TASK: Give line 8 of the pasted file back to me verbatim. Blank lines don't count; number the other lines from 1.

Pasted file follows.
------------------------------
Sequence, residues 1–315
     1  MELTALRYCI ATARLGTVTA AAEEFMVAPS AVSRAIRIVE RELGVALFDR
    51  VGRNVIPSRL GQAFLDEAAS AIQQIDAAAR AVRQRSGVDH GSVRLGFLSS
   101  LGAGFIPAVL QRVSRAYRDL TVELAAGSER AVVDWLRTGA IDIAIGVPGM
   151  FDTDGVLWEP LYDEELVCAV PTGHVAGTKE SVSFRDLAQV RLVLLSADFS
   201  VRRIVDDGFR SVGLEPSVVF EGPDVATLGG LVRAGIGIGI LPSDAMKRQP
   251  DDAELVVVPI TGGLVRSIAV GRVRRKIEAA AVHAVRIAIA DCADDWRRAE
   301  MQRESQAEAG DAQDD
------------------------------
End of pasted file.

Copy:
   301  MQRESQAEAG DAQDD